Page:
When it became apparent that the first wave of the COVID-19 virus sweeping across Minnesota was completely changing the educational environment at the University, a team of Rehabilitation Medicine Department faculty and staff sprang into action. They wanted to ensure that the third and fourth-year Medical Students doing their exploratory four-week Clerkships in the department could continue to learn about Physical Medicine and Rehabilitation (PM&R).

Their efforts resulted in one of the first virtual PM&R Clerkships in the nation.

Clerkship Course Director Alexander Senk, MD, who works in the Minneapolis VA Health Care System, led the team in collaboration with VA colleague Erica Seidel, MD; Learning and Development Manager Carly Anderson, MSEd, and Program Coordinator Bethany Tanguay, MEd.

Dr. Erica Seidel

“We felt it was important to have some type of offering that would enable students to get experience with PM&R so they could decide if it was something to pursue,” said Dr. Seidel (pictured at left). “We also get students from other institutions at the VA who don’t have access to PM&R at their home institutions. We wanted them to have that experience as well and to get the credits they need to move toward graduation, despite the pandemic.”  

Accurate online surrogate
The team’s goal was to make an accurate online surrogate for the Clerkship. As they brainstormed how to do that, Dr. Seidel suggested they use existing longitudinal case studies. “Students on this rotation are assigned to one or two patients to follow throughout the four weeks,” she explained. Instead of in-person contact, students would use case studies that had been specially modified with help from the Department’s residents. That worked well, according to Dr. Seidel, because in-person patient visits had been decreased or stopped altogether, which freed up the residents’ time.

So how does a virtual Clerkship work?

“Every day, the students are required to get patient information from assigned case studies as if they were in a hospital setting,” Dr. Seidel noted. “Based on that information, they are expected to develop a treatment plan. Our residents serve as facilitators, meeting with the students daily to discuss what was learned and how the students propose managing their patients. The residents then offer feedback about what the students propose. The idea is to give them some autonomy and enable them to make medical decisions as if they were onsite.”

Flexible process, ability to tailor

Dr. Alex Senk

In addition to the longitudinal case studies, there are also dedicated journal club sessions, recorded didactic sessions, and virtual live lectures. The process is flexible enough to allow participants to tailor it to meet their needs, according to Dr. Senk (pictured at left). “The students have done a great job embracing the new process and giving their personal touch to these cases,” he said. “A lot of them name their patients…it is very endearing.”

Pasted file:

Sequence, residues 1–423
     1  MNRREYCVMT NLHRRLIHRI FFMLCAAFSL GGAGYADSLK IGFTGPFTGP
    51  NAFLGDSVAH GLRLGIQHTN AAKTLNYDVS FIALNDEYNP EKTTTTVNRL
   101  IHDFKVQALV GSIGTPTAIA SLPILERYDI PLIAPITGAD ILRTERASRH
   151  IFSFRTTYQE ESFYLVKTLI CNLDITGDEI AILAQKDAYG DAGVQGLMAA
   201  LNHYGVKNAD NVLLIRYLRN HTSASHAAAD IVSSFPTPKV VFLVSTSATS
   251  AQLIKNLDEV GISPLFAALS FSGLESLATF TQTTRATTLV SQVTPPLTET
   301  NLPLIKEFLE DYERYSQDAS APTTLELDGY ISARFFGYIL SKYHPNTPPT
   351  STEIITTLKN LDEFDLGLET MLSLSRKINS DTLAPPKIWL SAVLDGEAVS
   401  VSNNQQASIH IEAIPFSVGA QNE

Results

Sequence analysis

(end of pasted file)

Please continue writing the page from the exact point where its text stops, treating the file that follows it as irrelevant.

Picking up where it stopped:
Based on student feedback, the virtual Clerkship works like a charm. But that doesn’t mean adjustments haven’t been needed.

Learning as they go
Seven cohorts of three students each have completed the virtual Clerkship so far. And their input has been key to its success. “We typically receive evaluations at the end of a clerkship; however, during this transition, we wanted to get more data points,” said Dr. Senk. “We meet with the students every day, asking how things went and if anything needs to be improved. When they tell us something isn’t working, we change it. We’re proactive about improving this – the manner and method of delivering it has been intentional and thoughtful.”

The medical students believe the virtual Clerkship has a much higher educational value than others they’ve experienced. “Clerkships tend to be handled on the fly – whatever happens that day is what you learn about. That might mean a lot of repetition or an experience so mixed that you can’t really see a theme to it,” said Dr. Senk. “The students have told us that the virtual Clerkship provides more uninterrupted, dedicated, well-thought-out teaching sessions.”

Constant faculty contact
Another advantage of the new Clerkship design is that it enables constant contact with faculty, not just at the VA or the University, but across the Twin Cities. “It’s been very collaborative and shows how unique the metro area is when it comes to PM&R,” said Dr. Senk. And because COVID affected provider and resident ability to see patients, “They were really open to spending time that would have been dedicated to the clinic to making this Clerkship work,” said Dr. Seidel.

The course developers have been pleasantly surprised by other institutions’ interest in their virtual clerkship. “We’ve had other institutions reach out to us wanting more information or to partner with them on creating their own version,” said Dr. Senk. The team also authored an article titled, “How to One Up a Pandemic: University of Minnesota’s PM&R Virtual Clerkship — A Model for Alternative Clinical Training and Preliminary Validation Study,” that will appear soon in the American Journal of Physical Medicine & Rehabilitation. They will present a poster about the virtual Clerkship during the Association of Academic Physiatrists meeting in February.

Making it available
In addition, the team is working with U of M resources to build a licensing process for the virtual Clerkship curriculum. Tentatively titled, GoVIR PM&R, it will include the tools and resources required to build a virtual clerkship and will be marketed to interested institutions.

“The whole process has been really impressive,” said Dr. Senk. “When we have medical students ask what is so special about our residency program, I tell them how responsive our administration is to their needs. Our residency is always evolving to meet the needs of current and future students. The same is true of this clerkship.”